United Nations High Commissioner for Human Rights said Monday, Feb. 29, 2016, thousands of people in besieged towns and villages of Syria might have starved to death. Picture: A Syrian girl waits to depart Madaya with her family after an aid convoy entered Madaya, Syria January 11, 2016.Reuters

Thousands of people in Syria's besieged villages and towns, particularly Madaya, are suspected to have starved to death, United Nations Human Rights Council (UNHRC) chief Zeid Ra'ad Al Hussein reportedly said Monday at the council's 31st annual session.

Human rights have been "violated shockingly" in Syria, where a civil war started five years ago, the UNHRC commander said. The UN will on Monday send humanitarian aids to the areas under the siege of the President Bashar al-Assad's government as well as rebel groups, which accepted the terms of a ceasefire that came into effect Friday midnight.

"The deliberate starvation of people is unequivocally forbidden as a weapon of warfare. By extension, so are sieges, which deprive civilians of essential goods such as food... Thousands of people may have starved to death," Agence-France Presse quoted Hussein as saying.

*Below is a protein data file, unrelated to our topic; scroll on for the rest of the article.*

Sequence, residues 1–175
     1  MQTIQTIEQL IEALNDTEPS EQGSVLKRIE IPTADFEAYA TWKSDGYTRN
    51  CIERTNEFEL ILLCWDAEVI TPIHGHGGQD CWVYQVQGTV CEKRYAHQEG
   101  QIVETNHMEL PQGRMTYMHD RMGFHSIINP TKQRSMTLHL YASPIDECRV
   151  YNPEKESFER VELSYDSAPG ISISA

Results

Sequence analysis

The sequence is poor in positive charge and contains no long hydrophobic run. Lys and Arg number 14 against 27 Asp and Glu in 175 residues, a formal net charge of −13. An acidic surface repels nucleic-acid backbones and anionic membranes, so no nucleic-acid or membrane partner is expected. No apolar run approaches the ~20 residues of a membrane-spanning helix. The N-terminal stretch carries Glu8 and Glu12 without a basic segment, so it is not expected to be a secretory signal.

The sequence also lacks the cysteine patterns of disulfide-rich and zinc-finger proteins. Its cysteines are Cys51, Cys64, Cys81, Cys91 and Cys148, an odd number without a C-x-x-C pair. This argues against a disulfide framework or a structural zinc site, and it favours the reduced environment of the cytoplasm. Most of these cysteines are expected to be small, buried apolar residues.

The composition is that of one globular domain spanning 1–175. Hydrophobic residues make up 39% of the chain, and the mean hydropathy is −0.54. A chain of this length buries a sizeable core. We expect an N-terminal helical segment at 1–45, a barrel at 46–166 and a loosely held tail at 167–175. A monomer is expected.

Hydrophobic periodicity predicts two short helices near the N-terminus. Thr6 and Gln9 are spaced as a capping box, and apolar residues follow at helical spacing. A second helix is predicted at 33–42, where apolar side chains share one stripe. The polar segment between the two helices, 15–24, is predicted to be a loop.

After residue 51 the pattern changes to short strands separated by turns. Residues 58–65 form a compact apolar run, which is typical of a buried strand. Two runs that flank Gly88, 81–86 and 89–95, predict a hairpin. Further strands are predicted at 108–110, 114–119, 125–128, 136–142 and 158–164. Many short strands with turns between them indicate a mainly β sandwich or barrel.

"Neighbourhoods, schools and packed marketplaces have been hit by tens of thousands of air strikes, thousands of barrel bombs have been thrown out of helicopters onto streets and homes," he said, adding some parties "are targeting medical units deliberately, or with reckless disregard."

As many as 480,000 people "currently trapped in besieged towns and villages in Syria — and have been, in some cases for years" are stranded in a desperate situation, Hussein said, adding that the situation looks to be much more distressing in Madaya.

United States Ambassador to the United Nations Samantha Power had in January said that over 400 people "on the brink of death" need to be evacuated from Madaya, where according to reports several people were on the verge of starvation.

Last year, in December, the Syrian Observatory for Human Rights said that at least 40,000 civilians in Madaya were facing acute shortage of food, medicine and other basic supplies due to the siege by the Syrian government and Hezbollah militants.

The situation is likely to improve with the enforcement of a ceasefire agreement that was proposed by the US and Russia this month. The UN targets to deliver supplies to 154,000 more people in the besieged towns and villages over the next five days.

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